1) Don’t be that creep

If you don’t know how to dance, don’t just go to a Salsa/Bachata party and assume you can just start grinding on girls and you’re gonna get away with it. If you’re a girl or if you go to a Kizomba party that might be a different story. If you200 don’t know the steps just ask politely and most girls (or guys) won’t have any problem in teaching you the basics. But if you insist you don’t need any basic knowledge of the steps at a Salsa/Bachata party you should go dance somewhere else, probably Kizomba.

2) Don’t be that dance-creep-block  

I’ve seen it countless times. There’s got to be at least one dude on the dance floor that wants to dance 5 songs in a row with that pretty girl that everyone wants to invite to dance. DON’T BE SELFISH BRO! SHE PROBABLY DOESN’T EVEN LIKE YOU BUT SHE’S TOO DAMN POLITE TO TELL YOU TO BACK OFF AND THOSE 5 SONGS YOU FORCED HER TO DANCE WITH YOU ON WERE ENOUGH TO CREEP THE HELL OUT OF HER AND MAKE HER LEAVE. You’re not only ruining her night but also the night of other guys that might actually have a chance with her. If you like a girl and want to dance several songs with her continuously simply make sure she feels the same way. Alternatively, go to the Kizomba room where dancing continuously with your partner for like 10 songs in a row is not uncommon. (even more that most Kizomba songs sound the same)

3) Don’t be that stalker

Now it’s okay to go and ask someone once, twice, thrice etc if you’ve had particularly good dances with that person but DON’T overdo it, especially if that someone is CLEARLY looking for someone else to dance with. Whether you’re a boy or a girl you’ll definitely notice when someone is going for someone-else to dance with. So don’t be that guy/girl that just grabs them as they set to dance with the person they want to dance with. 1)They will probably say no as they were going to ask that better/more attractive dancer and 2) they will probably hate you now since while they’ve wasted time explaining it to you, now their dance crush is dancing with somebody else. Way to go, you monster! It happened to me on several occasions to hide from certain persons, run away (literally) or pretend to be on the phone with my mother just to avoid being asked to dance for the 51st time by the person.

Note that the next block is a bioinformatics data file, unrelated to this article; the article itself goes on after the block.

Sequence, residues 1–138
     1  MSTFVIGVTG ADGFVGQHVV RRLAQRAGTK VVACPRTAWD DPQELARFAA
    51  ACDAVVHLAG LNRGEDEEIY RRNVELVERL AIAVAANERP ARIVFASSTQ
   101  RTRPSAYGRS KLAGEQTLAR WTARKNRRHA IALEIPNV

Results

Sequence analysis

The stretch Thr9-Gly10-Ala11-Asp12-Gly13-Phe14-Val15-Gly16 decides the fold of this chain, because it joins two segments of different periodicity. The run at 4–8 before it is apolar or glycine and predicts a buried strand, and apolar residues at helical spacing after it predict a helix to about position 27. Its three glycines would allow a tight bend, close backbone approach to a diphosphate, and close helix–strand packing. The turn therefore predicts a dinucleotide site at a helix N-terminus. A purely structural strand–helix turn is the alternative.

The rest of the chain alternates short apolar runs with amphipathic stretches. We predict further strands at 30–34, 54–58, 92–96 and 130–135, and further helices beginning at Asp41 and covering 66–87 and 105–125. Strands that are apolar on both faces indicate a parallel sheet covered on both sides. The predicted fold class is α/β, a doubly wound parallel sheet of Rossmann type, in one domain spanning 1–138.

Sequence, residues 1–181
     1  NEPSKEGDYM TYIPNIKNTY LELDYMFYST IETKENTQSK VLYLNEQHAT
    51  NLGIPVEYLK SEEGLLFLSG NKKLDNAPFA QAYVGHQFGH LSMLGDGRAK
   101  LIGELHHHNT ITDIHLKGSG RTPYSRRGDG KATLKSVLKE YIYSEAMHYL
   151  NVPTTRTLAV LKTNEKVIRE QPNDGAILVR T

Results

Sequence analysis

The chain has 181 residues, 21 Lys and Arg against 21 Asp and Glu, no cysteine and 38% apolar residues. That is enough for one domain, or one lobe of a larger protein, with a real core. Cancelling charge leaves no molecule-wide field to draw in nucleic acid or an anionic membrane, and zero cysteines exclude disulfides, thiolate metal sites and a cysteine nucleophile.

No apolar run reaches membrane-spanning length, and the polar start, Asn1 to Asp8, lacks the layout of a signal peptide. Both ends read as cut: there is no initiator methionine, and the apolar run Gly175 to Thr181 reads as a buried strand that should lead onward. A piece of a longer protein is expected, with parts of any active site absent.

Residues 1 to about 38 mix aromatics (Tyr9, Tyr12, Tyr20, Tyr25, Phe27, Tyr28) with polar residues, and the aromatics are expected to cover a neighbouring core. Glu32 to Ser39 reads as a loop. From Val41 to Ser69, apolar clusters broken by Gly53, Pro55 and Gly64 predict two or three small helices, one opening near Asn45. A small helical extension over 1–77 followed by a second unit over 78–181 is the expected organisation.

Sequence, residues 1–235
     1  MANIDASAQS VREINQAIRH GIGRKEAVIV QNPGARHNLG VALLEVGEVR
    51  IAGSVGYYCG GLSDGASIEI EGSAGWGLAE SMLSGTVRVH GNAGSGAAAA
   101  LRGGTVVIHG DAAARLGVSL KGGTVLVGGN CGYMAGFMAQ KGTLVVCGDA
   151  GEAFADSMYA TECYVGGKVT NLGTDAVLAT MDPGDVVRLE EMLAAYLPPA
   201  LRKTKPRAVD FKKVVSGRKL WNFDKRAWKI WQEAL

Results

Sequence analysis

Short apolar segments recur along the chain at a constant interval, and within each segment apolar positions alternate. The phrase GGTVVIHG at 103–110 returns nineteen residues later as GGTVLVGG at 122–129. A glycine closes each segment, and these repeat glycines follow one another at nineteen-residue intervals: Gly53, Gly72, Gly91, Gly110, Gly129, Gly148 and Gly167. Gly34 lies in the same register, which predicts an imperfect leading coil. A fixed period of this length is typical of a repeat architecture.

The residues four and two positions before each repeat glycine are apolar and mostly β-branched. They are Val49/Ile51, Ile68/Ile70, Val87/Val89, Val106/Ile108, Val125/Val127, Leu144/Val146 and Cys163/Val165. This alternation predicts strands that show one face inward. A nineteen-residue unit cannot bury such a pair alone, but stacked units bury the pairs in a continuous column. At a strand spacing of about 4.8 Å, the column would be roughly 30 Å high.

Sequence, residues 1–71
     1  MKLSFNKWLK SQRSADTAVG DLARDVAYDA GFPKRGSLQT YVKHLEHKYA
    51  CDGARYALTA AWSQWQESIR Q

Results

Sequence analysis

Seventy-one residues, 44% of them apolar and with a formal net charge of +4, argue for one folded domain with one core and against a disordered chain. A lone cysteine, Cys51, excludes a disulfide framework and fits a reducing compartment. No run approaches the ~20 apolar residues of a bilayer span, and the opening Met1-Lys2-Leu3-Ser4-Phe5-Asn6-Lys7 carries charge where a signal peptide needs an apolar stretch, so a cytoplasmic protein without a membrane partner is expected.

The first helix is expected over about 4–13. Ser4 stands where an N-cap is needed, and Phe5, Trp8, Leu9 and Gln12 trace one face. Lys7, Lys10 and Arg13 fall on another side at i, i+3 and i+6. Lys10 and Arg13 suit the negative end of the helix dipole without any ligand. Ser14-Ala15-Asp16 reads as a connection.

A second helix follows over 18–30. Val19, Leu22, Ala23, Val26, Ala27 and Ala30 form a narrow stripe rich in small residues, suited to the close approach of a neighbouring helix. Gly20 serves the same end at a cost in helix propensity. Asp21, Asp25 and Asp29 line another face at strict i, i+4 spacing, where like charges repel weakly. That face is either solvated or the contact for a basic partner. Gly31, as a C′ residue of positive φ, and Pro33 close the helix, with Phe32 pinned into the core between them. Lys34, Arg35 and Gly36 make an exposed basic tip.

4) Don’t lead yourself

If you’re a girl, PLEASE, for the love of the DANCE GOD, don’t lead yourself. Or at least minimize your self-leading. I know feminism is trending nowadays, I’m all for gender equality and women rights and I despise sexism, but MEN lead in Salsa and Bachata. In Kizomba they grind, but that’s a different story. When you lead yourself, not only do you risk hurting your partner [you know when you cling to his neck and try and to dip yourself] but you can also injure the others around you as well as yourself. You don’t have visibility behind you so if you don’t let your partner decide when the right moment for a turn or a dip is you’re going to be responsible for salsa traffic accidents. Moreover, you’re not going to be in sync with your partner. If you self-lead yourself most of the time, then you should probably change roles.


5) Don’t be that salsa douche-bag